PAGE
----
She is careful to point out that there are lots of misconceptions about natural wine, including that it’s an “anti-establishment free-for-all.” She asserts that natural winemaking is extremely precise and scientific, not just leaving some juice outside to ferment.
Another misconception is that all natural wines taste “fun and funky”—some definitely do, and a lot of consumers love that about them—but some taste restrained and clean. But she does admit that the whole subculture has a punk glamour to it.
“There is this rockstar culture behind natural winemaking,” she notes. “Because [the makers] are risk takers; they are inherently pioneers.”
Not Just a City Face
One might assume this is just a city phenomenon, but that’s not the case. Visit Teresa’s Next Door in Wayne for a vast natural wine program, or stop in to either of the 320 Market Cafés in Media or Swarthmore.
Jack Cunicelli, who co-owns 320 with his brother, has been growing a natural-wine bottle shop and bar program since 2015 (for which he’s now being recognized by outlets like Food & Wine and Philadelphia magazines).
Drawn to “wild and feral” styles, Cunicelli says he simply stocks and pours things he likes to drink. He says his audience, largely residents of Delaware County—though he claims many visitors from the city—have been receptive and open to natural wine.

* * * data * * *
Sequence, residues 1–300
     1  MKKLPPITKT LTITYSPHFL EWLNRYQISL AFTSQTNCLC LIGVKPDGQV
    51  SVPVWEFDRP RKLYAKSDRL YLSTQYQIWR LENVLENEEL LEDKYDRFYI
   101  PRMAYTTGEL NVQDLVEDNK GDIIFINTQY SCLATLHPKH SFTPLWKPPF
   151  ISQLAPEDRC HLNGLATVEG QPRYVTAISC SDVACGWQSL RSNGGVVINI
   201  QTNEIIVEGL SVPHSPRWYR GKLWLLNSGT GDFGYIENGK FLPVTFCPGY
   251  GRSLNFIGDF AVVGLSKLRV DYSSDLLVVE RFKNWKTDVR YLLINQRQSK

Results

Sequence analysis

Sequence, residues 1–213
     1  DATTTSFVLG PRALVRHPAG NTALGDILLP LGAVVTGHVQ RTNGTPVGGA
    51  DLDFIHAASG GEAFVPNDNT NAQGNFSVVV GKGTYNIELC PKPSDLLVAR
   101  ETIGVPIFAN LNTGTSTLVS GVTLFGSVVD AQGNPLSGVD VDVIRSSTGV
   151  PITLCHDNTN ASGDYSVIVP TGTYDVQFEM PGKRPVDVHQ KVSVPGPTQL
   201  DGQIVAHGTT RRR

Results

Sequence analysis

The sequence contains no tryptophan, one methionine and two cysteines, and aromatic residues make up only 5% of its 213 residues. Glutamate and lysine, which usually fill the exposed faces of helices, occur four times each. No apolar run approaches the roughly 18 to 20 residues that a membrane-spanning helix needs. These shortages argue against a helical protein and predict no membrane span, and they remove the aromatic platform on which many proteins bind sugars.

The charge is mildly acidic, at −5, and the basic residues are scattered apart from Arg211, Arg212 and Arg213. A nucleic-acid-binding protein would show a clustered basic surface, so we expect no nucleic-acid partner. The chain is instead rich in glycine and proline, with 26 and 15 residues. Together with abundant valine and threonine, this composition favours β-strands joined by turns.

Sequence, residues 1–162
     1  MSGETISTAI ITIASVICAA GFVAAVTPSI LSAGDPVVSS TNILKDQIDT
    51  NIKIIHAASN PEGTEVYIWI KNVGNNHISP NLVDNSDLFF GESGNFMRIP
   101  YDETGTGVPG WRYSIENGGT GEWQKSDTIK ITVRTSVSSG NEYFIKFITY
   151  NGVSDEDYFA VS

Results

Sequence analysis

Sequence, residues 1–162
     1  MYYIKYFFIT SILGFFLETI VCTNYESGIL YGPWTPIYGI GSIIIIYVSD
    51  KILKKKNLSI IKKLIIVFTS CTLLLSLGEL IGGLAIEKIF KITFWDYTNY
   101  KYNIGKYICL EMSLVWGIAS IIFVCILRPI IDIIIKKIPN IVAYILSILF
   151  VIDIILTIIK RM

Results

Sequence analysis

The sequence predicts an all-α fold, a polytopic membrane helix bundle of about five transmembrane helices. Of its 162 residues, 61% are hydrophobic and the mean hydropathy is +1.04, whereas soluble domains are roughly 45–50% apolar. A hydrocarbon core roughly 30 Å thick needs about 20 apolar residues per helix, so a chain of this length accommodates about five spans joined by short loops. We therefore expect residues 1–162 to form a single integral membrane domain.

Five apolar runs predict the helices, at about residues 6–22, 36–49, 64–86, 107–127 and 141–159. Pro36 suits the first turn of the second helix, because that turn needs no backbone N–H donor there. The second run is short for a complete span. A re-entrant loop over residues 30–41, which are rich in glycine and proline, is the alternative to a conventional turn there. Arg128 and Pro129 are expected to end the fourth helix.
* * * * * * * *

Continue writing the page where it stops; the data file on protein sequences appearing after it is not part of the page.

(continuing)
“These are things that taste good, and people with taste buds understand that,” he says. “I call these ‘working-class wines.’ Fun, easy wine that you can tailgate with. You don’t have to get a box of Barefoot wine, it starts like garbage and ends up like garbage.”
Cunicelli plans to make more space in 320’s Media location for bottles, which range in price and style but mostly fit within his personal guidelines. He advertises new arrivals on Instagram (@320_wine), and coveted bottles from small wineries like Partida Creus and Lucy Margaux fly off the shelves.
“It’s a trend that’s post-hipster,” he says. “It’s now mainstream.”